4 Lies Culture Tells Us about Living Together before Marriage
- Felicia Alvarez Crosswalk.com Contributing Writer
- 2014 6 May
“So…are you engaged yet?” the hairstylist asked her client with a smile.
Sitting in the chair across the way, my ears perked up. This should be an interesting conversation to eavesdrop on (yes, I confess I am an eavesdropper).
“No,” the athletic blonde man replied.
“What? How long have you been together now?”
“Four years,” he casually replied.
That’s a pretty long time, I thought to myself.
“Has your girlfriend asked about it?”
“Well, come on man, you’re not getting any younger,” she teased.
“I know. I know. I was twenty-eight when we met, now I’m thirty-two.”
Okay, mister, you’re no spring chicken. Why are you taking so long? And why in the world is she still with you?
“Well, I’m gonna keep pestering you until you propose. So when are you going to pop the question?”
Good, Ms. Hairstylist! Keep encouraging him. He needs to make a commitment or move on!
“I’m not sure…” he said awkwardly.
What? You’re not sure after four years?
Sensing his discomfort, the hairstylist immediately switched to a more comforting tone. “I’m sorry, I know it’s not that simple. It’s a big decision, and you have to think about it seriously. I’m just giving you a hard time.”
Well, he needs someone to give him a hard time!
“Yeah, well...we did just get a puppy!” When he said that, his tone changed, as though sharing a dog with his girlfriend made him more committed to the relationship.
Okay, The furthest his commitment goes at this point is joint custody of a puppy. This is so backwards. Run away, girlfriend. RUN AWAY from this guy!
“Really! Aw, I’m proud of you!” Ms. Hairstylist exclaimed.
Culture’s Warped Views
Remember that old nursery rhyme from elementary school?
John and Sally sitting in a tree
First comes love,
Then comes marriage
Then comes Sally with a baby carriage
Now I guess we could rewrite it like this:
John and Sally sitting in a tree
First comes house,
Then comes schnauzer,
Then comes Sally with a pre-nup paper.
I mean, that would be more accurate of our society today, wouldn’t it? “In just two generations the number of cohabiting couples has skyrocketed, from 439,000 to 5.4 million.” Culture wants us to believe that we should accept this is the new normal.
Neither is cohabitation limited to non-Christians. According to the Barna Group, 37 percent of cohabiters profess to be Christians. And recent polls indicate that 49 percent of youth between the ages of thirteen and seventeen who have attended church in the last week approve of cohabitation. Culture promotes moving in together as the most logical step in a relationship.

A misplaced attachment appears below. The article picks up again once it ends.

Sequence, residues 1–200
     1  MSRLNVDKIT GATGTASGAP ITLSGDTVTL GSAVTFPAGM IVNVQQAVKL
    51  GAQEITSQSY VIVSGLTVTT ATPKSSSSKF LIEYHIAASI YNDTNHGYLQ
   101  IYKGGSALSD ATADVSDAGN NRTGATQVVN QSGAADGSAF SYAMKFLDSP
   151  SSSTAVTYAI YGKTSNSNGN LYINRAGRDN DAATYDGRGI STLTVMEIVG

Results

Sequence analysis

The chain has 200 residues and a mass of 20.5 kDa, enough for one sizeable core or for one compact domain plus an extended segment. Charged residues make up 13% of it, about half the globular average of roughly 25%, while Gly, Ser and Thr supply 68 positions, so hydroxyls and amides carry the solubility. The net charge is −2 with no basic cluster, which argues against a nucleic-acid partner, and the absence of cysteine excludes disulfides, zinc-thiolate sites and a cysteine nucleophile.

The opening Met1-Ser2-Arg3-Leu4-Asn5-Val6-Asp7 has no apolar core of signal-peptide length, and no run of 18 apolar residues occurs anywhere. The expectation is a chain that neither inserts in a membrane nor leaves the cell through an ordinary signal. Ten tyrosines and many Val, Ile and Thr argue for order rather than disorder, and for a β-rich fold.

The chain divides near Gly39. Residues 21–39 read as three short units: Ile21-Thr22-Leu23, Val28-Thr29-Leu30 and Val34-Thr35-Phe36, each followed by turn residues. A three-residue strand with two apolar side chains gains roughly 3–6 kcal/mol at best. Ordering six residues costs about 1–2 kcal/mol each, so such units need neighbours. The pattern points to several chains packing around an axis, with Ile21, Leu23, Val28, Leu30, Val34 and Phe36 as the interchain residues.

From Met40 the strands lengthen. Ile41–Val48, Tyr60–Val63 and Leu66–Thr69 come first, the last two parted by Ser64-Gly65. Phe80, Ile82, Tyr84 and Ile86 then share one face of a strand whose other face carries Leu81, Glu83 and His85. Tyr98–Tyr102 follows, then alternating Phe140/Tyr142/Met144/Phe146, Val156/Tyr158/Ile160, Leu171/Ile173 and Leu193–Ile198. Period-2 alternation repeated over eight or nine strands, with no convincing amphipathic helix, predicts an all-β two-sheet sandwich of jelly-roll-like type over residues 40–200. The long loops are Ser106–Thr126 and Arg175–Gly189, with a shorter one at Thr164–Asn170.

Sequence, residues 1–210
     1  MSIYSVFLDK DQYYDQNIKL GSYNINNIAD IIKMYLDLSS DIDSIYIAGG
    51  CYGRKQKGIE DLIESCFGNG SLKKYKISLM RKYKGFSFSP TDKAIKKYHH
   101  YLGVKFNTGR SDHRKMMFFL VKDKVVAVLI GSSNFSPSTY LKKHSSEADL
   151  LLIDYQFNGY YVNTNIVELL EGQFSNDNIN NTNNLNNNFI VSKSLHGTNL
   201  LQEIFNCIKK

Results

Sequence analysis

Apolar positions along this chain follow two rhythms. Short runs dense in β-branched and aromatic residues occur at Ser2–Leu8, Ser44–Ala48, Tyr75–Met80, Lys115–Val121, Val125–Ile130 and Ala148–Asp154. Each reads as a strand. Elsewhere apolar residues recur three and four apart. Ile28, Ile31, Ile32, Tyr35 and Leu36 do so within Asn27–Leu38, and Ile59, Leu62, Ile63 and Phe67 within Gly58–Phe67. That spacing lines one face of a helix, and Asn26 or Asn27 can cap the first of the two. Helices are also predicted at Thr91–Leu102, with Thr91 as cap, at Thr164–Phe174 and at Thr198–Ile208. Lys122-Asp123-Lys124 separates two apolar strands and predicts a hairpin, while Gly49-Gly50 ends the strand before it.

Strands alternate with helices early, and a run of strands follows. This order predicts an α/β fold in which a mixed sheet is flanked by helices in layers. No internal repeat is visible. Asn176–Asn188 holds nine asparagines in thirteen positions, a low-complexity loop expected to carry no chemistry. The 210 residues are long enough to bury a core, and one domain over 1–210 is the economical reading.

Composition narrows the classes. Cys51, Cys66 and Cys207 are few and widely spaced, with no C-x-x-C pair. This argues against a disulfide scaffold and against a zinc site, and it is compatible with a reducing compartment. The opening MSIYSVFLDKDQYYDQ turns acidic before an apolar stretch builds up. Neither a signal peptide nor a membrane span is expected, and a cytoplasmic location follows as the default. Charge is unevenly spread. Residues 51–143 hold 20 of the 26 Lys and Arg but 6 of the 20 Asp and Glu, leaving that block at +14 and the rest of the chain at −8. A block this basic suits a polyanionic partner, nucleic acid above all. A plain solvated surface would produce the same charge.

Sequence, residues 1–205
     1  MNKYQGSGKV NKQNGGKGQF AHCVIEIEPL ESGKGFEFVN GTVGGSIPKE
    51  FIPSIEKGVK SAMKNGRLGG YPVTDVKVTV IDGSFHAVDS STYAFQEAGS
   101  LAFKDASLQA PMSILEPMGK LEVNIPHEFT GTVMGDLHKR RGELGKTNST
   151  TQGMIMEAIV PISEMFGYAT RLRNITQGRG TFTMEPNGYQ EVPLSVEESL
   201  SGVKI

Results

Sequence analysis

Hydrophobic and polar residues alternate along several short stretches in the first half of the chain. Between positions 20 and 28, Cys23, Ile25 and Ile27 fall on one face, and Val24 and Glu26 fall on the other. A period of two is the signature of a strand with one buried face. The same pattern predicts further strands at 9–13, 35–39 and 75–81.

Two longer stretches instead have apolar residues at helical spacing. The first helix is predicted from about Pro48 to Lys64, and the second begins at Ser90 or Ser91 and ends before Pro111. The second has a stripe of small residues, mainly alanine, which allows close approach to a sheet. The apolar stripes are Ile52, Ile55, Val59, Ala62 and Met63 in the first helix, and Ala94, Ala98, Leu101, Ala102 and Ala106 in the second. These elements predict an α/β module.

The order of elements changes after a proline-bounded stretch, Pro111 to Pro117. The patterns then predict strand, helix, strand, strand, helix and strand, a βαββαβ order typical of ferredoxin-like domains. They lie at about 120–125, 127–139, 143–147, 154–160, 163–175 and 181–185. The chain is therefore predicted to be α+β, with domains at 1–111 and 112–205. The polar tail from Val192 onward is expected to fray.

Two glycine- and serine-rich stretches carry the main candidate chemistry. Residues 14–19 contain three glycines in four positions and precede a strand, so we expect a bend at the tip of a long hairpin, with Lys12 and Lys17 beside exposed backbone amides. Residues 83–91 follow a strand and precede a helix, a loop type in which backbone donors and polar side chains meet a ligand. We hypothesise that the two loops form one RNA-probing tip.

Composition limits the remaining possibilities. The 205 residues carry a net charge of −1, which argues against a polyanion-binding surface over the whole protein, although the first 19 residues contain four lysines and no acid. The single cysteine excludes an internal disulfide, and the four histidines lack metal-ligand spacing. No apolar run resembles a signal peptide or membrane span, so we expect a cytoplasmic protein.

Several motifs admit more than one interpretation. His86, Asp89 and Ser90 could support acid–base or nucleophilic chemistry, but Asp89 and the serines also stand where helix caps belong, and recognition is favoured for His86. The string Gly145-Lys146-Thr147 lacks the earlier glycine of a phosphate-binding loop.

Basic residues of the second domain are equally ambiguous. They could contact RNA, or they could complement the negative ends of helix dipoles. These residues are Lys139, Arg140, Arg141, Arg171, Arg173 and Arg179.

Even the children’s programs are promoting it! I recently saw a Disney channel sitcom where an elementary school girl asked her teenage sister if she felt committed enough to her boyfriend to move in with him. I was flabbergasted when I heard that come out of the little actress’s mouth. Why was an elementary age girl modeling that attitude on a kid’s television program? It’s crazy.
But just because it’s the cultural norm mean we have to accept it. In fact, we shouldn’t, because it’s based on a bunch of lies.
Culture’s Big Lie #1: No guy will like you unless you move in with him.
We need to think about this one carefully. The Bible speaks clearly on the topic of cohabitation. “It’s God’s will that you should be sanctified: that you should avoid sexual immorality, that each of you should learn to control his own body in a way that is holy and honorable, not in passionate lust like the heathen who do not know God” (1 Thessalonians 4:3-4). If a guy expects you to move in with him, he is not respecting God or you and, therefore, isn’t worthy of your attention. A Christian man of integrity will neither expect nor request this of you; he will respect the Bible’s standards on sexual boundaries. So, if a guy won’t pursue a relationship with you because you refuse to move in with him, is he the guy you really want to be with?
Culture’s Big Lie #2: You will change him for the better if you live together.